One of the most impressive Roman period monuments still to be seen in modern day Athens is the so-called Philopappos monument. This two-storey structure of Pentelic marble – the same local stone that was used to build the Parthenon – was constructed in the early 2nd century AD as a tomb for an eastern prince who had made his home in the city. Gaius Julius Antiochos Epiphanes Philopappos, to give him his full name, is the last known descendent of a dynasty that had ruled the small Hellenistic kingdom of Commagene in what is now southeast Turkey, before it was absorbed into the Roman Empire in the early 1st century AD.
Philoppappos was a member of the upper strata of the Empire’s elite – he rubbed shoulders with the emperors Trajan and Hadrian and even served as consul at Rome. After he settled in Athens he occupied important local magistracies and served as a benefactor to the city. He was also an acquaintance of the great biographer Plutarch, who addressed one of his moralising essays to him. When he died he was granted the honour of a grand public burial on the so-called Mouseion Hill within the city walls, a prominent spot that can be seen from the Acropolis and much of the surrounding area. Today the hill is better known as Philopappou after the man and his monument.
The monument itself, though only partially preserved, is of great interest because enough of the sculptural decoration survives to be able to think about how Philoppappos – or whoever was responsible for the tomb’s design – mixed different elements to project an identity that was at once Greek and Roman, kingly and civic. Perhaps I’ll talk more about the monument itself in a later piece. Here, however, I want to think about this monument as part of a broader phenomenon. There’s quite some evidence that Philopappos was not the only member of the super-elite of the Greeks-speaking eastern half of the Roman Empire to be granted a public tomb at this time.
Anybody who has visited Ephesos in Turkey, or simply seen photos of the site, will be familiar with the now iconic Library of Celsus. Paid for by a Roman Senator of the same generation of Philopappos, the library also served as Celsus’ tomb. Other public burials from around the same time are also attested at Ephesos, which was the capital of the Roman province of Asia (roughly the western part of modern day Turkey) and at several other cities in Asia Minor including Miletos, Aphrodisias and Sagalassos.
In Achaia, the province on which my research focuses (roughly equivalent to southern and central modern day Greece) there is evidence for members of the elite being buried in public spaces at the cities of Messene, Argos, Eretria, Mantinea and Athens. In Athens in addition to the tomb of Philopappos, one of the richest and most prolific of all benefactors, Herodes Atticus, was buried in the stadium that he had bestowed upon the city – the stadium was rebuilt to host the first modern Olympics in 1896 and can still be seen at Athens. His other benefactions included a fountain-house at Olympia, an odeion (small theatre) at Corinth, a major renovation of the stadium at Delphi and the odeion at Athens, which still stands in the city and is used for performances in the annual Athens Festival. Herodes is a fascinating character and I’m sure that I’ll have reason enough to return to him in this blog. Although the stadium where he was interred lay some distance outside the centre of Roman Athens, it was nonetheless a very prominent public space. We also know from a literary source that his daughter was actually buried somewhere in the city centre.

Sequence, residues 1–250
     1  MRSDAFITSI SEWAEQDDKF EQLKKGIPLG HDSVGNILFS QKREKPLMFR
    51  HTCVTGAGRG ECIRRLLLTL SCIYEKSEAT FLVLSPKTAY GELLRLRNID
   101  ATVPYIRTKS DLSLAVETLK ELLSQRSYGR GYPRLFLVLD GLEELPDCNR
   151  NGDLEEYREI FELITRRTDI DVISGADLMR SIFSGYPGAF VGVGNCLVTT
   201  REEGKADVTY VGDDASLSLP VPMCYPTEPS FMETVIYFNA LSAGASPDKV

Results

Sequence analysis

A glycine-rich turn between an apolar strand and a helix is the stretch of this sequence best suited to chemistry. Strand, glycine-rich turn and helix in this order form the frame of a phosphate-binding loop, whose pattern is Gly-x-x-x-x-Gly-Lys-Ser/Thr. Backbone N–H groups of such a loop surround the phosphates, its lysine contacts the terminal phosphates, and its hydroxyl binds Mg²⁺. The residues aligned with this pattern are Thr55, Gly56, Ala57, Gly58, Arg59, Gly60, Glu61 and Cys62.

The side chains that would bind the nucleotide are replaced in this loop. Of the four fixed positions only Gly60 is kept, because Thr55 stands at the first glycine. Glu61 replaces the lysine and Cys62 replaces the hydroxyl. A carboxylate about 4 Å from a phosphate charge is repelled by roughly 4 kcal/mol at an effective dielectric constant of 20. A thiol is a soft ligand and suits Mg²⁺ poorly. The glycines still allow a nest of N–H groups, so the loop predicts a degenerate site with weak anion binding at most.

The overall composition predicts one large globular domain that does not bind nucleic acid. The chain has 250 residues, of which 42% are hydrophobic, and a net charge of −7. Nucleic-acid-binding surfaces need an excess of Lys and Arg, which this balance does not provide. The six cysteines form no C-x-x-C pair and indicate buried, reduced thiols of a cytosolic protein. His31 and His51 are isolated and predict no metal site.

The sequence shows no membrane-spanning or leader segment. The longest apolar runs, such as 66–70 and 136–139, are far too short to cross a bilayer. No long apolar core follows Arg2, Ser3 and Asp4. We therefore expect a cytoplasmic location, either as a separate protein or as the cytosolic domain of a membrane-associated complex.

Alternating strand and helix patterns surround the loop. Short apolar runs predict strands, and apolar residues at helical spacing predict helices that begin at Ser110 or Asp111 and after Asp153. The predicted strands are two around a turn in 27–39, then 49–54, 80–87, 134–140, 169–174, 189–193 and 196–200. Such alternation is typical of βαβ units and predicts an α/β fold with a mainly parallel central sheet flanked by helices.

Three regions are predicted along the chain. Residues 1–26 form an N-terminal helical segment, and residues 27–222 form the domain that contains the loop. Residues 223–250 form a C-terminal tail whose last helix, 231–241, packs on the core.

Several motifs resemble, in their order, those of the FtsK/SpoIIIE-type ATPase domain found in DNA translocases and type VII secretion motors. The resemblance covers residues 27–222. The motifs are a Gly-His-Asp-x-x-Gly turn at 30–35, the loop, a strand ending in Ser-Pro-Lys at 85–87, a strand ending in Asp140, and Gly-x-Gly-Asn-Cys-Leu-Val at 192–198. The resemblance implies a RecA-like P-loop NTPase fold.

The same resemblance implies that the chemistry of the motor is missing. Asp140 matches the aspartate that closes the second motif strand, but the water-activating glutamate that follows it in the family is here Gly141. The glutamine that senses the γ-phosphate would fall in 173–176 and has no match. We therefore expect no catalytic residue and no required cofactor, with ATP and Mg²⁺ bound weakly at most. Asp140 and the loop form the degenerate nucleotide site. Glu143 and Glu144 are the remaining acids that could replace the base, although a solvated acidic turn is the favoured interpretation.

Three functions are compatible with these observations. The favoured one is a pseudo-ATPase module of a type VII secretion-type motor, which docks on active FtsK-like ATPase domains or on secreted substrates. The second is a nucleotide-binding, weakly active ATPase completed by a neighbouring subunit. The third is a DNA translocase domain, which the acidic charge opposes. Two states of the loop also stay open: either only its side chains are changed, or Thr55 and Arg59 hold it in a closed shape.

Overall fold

In Greek culture it had always been highly unusual for individuals to be buried in the city centre. There doesn’t usually seem to have been any explicit legal prohibition of intra-urban burial as there was at Rome but for reasons of religion – and no doubt public health as well – the dead were usually buried in cemetery areas just outside the city walls. Exceptions had been made in Archaic through to Hellenistic times for particularly powerful individuals – city founders in new colonies or great generals – but before the Greek world became part of the Roman Empire such intra-urban burials were extremely rare – so rare that the handful of examples I’ve just mentioned as being clustered in the first and second centuries AD represent a marked increase in the practice.
In my last few posts I’ve talked about the ways in which Greek cities in Roman times began to invent tomb monuments, which they claimed belonged to illustrious figures from the historical or – what we would call – the mythological past. Claiming possession of the physical remains of such heroes was a way for cities to compete with one another for prestige and status and for recognition from emperors, such as Hadrian, for whom Classical Greek culture held a deep fascination. I’m exploring this phenomenon in the first part of an article I’m working on. In the second part of the article – which I’ve so far written far less of and hope to finish this week – I am going to consider how these two phenomena – “invented” ancient burials and new burials for the super-elite – might be connected.